Mark Palmer, Miklos Haraszti and Charles Gati’s Feb. 27 op-ed, “A free voice for Hungary,” suggested that media freedom is so restricted in Hungary that Radio Free Europe’s Hungarian-language broadcast should be restarted to provide balance.
Anyone with a genuine interest can see on the ground that the Hungarian media are as diverse as ever, and opposition voices abound. The writers suggested that CNN was dropped by one of the major cable companies because of government pressure. Senior management of that company, which is majority-owned by Deutsche Telekom, categorically denied this and said that it was a purely financial decision. Contrary to the writers’ claims, Klubradio, a station airing opposition voices, lost one of its regional frequencies in a transparent tender by offering less money than its competitors did. The decision was appealed, and the case is before the courts. Meanwhile, the radio station stays on the air.
Incredibly, the writers also talked about dictatorship in Hungary and attacks on the United States. Would such a country represent U.S. interests in Libya and rescue two American journalists from Moammar Gaddafi’s prisons? Would it erect a statue to Ronald Reagan and set up an institute dedicated to the life and work of former U.S. representative Tom Lantos and the promotion of human rights? Would its parliament enshrine the fundamental values of the West in the nation’s new Basic Law? The current Hungarian government has done all that.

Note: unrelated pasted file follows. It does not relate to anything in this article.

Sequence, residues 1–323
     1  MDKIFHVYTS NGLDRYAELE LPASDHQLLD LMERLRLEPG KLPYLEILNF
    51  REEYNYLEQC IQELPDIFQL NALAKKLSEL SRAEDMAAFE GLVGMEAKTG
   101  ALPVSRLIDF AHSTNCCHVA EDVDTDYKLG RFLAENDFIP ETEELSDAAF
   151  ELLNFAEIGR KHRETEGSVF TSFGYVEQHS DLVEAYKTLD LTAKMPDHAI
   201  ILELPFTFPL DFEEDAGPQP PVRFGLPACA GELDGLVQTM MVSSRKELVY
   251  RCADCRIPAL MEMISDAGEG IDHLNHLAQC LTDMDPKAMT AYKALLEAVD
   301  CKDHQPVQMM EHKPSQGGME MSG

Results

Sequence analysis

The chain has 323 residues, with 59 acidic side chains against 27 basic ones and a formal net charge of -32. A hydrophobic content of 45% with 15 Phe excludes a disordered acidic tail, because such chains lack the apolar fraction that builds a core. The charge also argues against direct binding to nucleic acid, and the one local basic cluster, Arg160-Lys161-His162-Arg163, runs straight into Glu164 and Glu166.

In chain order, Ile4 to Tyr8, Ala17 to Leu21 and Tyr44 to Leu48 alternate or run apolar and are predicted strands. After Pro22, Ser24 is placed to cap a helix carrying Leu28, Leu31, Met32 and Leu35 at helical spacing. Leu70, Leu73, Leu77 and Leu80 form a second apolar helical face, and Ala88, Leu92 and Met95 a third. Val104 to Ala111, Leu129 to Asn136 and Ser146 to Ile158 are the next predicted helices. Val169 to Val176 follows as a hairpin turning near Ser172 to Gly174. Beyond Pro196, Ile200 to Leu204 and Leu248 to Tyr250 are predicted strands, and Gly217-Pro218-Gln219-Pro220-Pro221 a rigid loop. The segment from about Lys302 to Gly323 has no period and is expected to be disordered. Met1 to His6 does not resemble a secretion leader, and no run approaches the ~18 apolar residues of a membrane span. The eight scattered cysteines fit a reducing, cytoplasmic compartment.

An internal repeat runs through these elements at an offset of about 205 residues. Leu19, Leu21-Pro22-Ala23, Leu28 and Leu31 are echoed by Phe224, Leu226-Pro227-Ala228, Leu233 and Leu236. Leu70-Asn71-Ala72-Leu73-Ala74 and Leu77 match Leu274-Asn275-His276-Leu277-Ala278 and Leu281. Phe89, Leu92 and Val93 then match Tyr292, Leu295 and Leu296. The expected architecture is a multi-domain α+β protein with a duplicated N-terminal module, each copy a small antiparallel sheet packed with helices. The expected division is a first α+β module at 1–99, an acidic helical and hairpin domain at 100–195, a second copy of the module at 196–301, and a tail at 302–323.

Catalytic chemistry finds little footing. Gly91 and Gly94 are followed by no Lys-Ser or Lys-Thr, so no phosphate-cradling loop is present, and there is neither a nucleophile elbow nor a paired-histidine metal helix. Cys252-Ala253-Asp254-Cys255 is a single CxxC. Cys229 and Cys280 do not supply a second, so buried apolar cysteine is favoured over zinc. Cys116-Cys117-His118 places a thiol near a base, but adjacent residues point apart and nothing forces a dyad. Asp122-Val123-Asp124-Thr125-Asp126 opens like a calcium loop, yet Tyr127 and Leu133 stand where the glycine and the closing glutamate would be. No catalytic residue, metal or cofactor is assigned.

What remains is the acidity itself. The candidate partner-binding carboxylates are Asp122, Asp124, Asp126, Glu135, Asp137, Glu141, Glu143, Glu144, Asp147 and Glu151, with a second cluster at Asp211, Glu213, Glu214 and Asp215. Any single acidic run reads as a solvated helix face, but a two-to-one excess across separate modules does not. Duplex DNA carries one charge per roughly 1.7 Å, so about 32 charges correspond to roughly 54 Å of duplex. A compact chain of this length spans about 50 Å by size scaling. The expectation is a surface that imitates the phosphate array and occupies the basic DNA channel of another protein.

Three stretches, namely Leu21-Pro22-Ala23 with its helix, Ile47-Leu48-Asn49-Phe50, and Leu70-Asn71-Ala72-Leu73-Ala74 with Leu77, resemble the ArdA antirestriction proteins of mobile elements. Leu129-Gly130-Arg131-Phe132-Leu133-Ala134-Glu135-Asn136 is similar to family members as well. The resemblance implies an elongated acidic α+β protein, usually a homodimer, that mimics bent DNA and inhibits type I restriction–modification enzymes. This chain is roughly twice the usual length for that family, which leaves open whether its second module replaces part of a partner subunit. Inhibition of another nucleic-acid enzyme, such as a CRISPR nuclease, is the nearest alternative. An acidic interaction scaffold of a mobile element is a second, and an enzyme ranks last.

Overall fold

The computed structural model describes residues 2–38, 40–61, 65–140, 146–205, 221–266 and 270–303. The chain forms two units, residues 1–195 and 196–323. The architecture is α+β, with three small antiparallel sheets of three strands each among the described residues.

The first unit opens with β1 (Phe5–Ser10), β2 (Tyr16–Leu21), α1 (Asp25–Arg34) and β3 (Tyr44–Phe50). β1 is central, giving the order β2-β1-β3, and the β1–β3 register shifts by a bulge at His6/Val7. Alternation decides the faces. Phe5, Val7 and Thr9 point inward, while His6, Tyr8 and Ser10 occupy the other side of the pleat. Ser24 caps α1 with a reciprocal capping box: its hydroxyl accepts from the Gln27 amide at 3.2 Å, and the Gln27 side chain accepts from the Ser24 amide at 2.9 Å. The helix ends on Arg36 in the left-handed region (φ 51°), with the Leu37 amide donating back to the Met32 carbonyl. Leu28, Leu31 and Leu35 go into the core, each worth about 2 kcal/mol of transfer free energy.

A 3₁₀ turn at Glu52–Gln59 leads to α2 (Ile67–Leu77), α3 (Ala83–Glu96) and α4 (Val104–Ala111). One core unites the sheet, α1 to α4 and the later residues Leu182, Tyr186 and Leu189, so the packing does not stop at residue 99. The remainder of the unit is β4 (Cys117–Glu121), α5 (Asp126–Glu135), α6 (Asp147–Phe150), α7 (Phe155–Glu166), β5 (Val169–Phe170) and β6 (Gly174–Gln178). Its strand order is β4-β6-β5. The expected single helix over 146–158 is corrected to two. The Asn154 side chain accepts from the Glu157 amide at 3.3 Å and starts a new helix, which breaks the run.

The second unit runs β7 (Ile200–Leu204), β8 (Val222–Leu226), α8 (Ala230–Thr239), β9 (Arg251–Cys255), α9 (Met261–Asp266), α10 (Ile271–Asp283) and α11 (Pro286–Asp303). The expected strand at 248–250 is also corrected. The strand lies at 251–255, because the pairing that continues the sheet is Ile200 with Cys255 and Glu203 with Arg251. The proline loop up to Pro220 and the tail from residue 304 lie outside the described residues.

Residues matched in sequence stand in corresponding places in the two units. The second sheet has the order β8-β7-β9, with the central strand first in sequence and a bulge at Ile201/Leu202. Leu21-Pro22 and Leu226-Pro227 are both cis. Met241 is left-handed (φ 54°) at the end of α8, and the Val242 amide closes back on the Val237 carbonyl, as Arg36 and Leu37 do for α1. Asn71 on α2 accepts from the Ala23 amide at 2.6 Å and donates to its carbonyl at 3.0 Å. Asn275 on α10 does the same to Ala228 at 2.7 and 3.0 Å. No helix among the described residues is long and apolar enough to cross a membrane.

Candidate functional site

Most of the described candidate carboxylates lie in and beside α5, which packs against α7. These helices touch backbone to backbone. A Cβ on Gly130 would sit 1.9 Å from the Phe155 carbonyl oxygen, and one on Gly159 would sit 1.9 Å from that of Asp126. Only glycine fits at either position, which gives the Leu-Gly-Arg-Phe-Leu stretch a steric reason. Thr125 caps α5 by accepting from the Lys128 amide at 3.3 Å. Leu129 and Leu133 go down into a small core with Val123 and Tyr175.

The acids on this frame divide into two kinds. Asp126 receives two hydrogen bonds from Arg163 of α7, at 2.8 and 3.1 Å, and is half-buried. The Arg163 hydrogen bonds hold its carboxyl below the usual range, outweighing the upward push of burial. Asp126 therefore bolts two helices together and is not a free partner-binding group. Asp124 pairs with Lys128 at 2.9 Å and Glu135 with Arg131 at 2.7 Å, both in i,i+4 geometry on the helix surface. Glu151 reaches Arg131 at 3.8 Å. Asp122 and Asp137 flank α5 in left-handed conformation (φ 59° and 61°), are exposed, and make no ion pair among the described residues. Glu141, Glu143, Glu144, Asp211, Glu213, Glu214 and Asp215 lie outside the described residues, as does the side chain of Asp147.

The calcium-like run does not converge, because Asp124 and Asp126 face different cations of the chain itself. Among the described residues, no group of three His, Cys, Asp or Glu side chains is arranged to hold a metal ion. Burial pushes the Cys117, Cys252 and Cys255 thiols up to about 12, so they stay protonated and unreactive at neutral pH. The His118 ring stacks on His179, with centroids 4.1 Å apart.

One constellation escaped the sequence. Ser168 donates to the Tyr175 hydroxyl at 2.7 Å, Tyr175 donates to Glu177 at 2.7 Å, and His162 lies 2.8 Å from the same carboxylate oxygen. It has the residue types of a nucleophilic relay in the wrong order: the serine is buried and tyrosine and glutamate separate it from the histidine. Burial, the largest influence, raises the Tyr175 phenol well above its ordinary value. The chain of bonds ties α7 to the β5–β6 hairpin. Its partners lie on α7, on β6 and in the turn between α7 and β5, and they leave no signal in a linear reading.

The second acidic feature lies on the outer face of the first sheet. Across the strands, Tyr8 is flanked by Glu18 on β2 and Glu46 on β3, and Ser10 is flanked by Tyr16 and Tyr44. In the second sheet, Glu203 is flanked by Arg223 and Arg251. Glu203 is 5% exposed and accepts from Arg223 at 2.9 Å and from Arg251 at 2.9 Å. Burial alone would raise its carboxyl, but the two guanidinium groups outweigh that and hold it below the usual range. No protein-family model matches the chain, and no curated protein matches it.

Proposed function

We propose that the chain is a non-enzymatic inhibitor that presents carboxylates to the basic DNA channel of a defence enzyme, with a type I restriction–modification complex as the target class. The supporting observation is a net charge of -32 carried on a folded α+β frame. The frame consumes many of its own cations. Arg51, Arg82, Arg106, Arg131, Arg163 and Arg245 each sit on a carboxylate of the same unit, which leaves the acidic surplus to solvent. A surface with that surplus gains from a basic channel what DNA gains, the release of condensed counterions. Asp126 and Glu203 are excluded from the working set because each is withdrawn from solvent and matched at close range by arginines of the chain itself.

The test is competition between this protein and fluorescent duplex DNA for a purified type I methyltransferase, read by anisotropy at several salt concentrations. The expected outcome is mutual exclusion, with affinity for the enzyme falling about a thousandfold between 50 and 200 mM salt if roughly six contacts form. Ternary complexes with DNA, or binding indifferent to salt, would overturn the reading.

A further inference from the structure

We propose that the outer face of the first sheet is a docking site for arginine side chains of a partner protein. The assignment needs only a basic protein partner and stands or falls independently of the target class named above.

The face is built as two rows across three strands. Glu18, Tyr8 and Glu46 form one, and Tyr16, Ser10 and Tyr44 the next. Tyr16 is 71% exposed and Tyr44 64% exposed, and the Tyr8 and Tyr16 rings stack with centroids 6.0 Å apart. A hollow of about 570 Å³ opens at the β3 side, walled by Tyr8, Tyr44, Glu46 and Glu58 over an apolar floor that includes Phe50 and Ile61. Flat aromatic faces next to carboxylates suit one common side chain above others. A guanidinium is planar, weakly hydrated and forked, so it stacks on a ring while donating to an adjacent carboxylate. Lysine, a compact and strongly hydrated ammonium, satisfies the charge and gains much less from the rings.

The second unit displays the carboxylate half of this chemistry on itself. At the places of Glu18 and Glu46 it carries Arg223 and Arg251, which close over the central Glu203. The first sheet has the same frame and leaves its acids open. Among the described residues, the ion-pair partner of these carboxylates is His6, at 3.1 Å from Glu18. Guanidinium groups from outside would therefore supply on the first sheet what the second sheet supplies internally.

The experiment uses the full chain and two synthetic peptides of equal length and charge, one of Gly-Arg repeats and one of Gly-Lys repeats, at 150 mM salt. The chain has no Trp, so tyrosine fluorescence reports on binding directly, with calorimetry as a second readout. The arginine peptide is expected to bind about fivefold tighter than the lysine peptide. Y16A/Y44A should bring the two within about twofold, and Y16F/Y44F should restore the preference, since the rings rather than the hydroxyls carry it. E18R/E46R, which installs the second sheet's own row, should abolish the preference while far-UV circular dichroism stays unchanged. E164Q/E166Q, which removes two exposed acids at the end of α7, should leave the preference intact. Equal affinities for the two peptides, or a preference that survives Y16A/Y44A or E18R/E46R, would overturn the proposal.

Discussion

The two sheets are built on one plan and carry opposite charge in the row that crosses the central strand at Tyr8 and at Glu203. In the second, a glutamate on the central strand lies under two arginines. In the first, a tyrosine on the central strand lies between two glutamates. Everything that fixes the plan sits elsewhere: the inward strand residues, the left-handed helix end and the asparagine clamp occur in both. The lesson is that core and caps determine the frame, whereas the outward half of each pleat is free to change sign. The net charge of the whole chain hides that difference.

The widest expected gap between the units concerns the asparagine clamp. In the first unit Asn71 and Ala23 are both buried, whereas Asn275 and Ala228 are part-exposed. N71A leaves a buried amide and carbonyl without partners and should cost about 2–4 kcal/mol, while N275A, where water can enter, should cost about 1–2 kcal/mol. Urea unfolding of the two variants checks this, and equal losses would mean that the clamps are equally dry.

Presenting a make-believe picture of Hungarian reality benefits no one but the extreme right-wing party Jobbik. The Hungarian left, which drove the economy to near-bankruptcy, is now in shambles because of the profound disillusionment of the voters. Like it or not, the bulwark against extremism is provided by the current democratic, conservative government.
Gyorgy Szapary, Washington
The writer is Hungary’s ambassador to the United States.